The UN climate secretariat has released draft text for a global climate agreement that is down to 20 pages from the previous 80, calls for regular updates of national carbon reduction commitments every five years, rather than every 10, and leaves room for the long-term goal of phasing out fossil fuels.
Incremental as they sound, each of these milestones has its place on the road to a final climate deal in Paris in December. The previous draft sat at 85 pages after a fortnight of negotiations in June, and updates every five years rather than every 10 are considered crucial to align climate action with a global ceiling of 2.0ºC, or even 1.5ºC, global warming.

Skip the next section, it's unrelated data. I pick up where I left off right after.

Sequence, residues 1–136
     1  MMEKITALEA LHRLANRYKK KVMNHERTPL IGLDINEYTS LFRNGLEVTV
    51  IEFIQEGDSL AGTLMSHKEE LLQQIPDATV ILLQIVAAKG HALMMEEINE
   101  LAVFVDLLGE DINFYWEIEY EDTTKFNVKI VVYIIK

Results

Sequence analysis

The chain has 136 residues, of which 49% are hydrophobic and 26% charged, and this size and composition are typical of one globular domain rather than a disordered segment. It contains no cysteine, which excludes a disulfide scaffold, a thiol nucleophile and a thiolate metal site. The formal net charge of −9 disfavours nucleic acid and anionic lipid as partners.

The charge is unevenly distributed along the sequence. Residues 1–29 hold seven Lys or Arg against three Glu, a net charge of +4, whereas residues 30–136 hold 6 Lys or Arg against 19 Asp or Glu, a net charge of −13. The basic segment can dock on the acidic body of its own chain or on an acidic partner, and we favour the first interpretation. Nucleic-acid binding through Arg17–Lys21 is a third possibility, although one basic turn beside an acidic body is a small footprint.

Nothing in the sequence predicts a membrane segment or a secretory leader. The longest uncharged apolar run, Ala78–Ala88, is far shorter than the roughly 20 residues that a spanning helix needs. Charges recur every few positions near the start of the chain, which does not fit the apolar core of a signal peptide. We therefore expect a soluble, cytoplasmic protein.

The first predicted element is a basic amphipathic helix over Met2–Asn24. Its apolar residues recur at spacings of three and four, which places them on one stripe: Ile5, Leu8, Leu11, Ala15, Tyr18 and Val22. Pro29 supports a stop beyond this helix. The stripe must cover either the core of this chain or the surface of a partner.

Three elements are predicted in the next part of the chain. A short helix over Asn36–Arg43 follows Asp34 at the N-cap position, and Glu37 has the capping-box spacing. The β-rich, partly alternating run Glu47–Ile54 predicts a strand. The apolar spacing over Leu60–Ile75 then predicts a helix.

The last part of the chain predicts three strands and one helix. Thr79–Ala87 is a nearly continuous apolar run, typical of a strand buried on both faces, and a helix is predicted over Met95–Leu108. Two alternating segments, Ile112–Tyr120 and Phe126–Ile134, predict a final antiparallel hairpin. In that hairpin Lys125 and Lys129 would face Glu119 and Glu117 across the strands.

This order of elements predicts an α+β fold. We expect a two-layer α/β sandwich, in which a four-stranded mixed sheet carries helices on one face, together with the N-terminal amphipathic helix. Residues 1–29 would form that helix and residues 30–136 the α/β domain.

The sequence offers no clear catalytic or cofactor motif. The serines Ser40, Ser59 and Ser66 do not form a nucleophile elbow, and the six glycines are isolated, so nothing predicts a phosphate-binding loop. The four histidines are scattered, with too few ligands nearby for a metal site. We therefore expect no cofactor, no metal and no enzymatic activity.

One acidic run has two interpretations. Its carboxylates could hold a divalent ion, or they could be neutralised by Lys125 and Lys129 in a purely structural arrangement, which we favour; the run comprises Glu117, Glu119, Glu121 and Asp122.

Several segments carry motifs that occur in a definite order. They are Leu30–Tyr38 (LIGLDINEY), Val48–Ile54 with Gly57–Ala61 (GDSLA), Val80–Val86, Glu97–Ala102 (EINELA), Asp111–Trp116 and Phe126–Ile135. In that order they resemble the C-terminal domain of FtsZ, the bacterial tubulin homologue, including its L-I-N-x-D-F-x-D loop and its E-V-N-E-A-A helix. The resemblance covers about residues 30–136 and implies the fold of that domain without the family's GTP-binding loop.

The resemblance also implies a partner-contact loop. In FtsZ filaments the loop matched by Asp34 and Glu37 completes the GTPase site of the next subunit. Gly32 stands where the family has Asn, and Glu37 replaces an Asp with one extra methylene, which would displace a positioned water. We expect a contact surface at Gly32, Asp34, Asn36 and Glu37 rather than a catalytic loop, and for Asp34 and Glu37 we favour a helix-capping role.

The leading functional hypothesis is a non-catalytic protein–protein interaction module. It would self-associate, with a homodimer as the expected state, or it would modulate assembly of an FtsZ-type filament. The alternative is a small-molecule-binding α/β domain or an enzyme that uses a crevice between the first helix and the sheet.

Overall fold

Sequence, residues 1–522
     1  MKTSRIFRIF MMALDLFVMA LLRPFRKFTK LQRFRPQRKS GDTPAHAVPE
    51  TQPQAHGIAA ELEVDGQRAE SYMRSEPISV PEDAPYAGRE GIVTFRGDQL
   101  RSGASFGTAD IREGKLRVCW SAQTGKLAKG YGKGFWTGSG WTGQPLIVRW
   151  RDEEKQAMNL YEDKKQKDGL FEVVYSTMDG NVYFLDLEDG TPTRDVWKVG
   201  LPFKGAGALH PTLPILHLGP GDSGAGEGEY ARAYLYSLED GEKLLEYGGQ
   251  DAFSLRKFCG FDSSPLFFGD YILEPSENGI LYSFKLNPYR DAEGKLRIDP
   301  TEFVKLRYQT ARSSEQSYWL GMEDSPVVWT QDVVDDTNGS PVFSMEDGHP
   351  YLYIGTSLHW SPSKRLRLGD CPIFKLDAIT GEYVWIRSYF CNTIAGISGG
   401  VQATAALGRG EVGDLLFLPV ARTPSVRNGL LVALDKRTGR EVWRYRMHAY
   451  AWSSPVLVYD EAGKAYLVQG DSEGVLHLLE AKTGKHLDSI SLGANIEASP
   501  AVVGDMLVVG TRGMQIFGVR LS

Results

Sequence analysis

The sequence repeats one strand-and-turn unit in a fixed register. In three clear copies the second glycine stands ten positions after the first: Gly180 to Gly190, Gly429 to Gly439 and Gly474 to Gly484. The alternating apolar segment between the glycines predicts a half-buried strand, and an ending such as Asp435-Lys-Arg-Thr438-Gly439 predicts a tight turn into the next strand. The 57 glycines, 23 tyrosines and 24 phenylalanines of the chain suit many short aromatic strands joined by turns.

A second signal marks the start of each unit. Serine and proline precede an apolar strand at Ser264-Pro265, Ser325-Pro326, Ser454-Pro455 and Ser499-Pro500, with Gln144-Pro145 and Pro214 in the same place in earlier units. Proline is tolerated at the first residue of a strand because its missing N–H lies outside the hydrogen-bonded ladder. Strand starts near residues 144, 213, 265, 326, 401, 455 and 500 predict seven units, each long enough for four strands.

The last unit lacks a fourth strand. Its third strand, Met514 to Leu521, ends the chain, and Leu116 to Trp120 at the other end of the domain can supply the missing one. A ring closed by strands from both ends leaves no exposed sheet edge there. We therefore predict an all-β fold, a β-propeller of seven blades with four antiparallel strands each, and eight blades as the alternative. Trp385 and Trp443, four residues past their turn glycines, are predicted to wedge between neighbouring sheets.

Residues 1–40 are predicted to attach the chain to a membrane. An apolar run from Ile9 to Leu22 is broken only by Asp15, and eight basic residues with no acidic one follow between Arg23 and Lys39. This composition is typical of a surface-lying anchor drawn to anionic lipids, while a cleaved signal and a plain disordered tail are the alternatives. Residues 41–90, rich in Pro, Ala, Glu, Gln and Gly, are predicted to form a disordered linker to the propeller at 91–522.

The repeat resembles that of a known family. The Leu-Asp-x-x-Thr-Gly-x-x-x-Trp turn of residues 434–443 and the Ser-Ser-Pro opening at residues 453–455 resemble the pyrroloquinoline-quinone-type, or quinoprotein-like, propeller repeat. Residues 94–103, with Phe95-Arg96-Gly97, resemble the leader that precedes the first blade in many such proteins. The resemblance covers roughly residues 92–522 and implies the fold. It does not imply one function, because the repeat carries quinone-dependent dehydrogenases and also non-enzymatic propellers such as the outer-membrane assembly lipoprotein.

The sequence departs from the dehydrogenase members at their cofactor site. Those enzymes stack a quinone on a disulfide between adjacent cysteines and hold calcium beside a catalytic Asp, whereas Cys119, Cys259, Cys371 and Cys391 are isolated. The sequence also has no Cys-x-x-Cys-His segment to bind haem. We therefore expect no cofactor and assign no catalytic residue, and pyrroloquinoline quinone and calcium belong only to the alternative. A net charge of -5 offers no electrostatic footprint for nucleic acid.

“The text, drawn up by the two UN experts who oversee the talks among almost 200 nations, suggests all countries should publish plans for tougher action every five years under the Paris accord, which maps out actions beyond 2020,” Reuters reports. “Some nations want reviews only once every decade, or only for rich countries.”
Amjad Abdulla of the Maldives, chief negotiator for the Alliance of Small Island States (AOSIS), noted that the draft text preserves the option of a global climate fund to assist developing countries on the front lines of climate impacts. “The contours of the package are coming together, most of the world has submitted a plan for action, and political momentum is as high as it’s ever been,” he said. “But the devil is in the details.”
Jennifer Morgan of the World Resources Institute called the draft a “helpful launching pad for reaching common ground” for the next round of pre-Summit negotiations in Bonn later in October.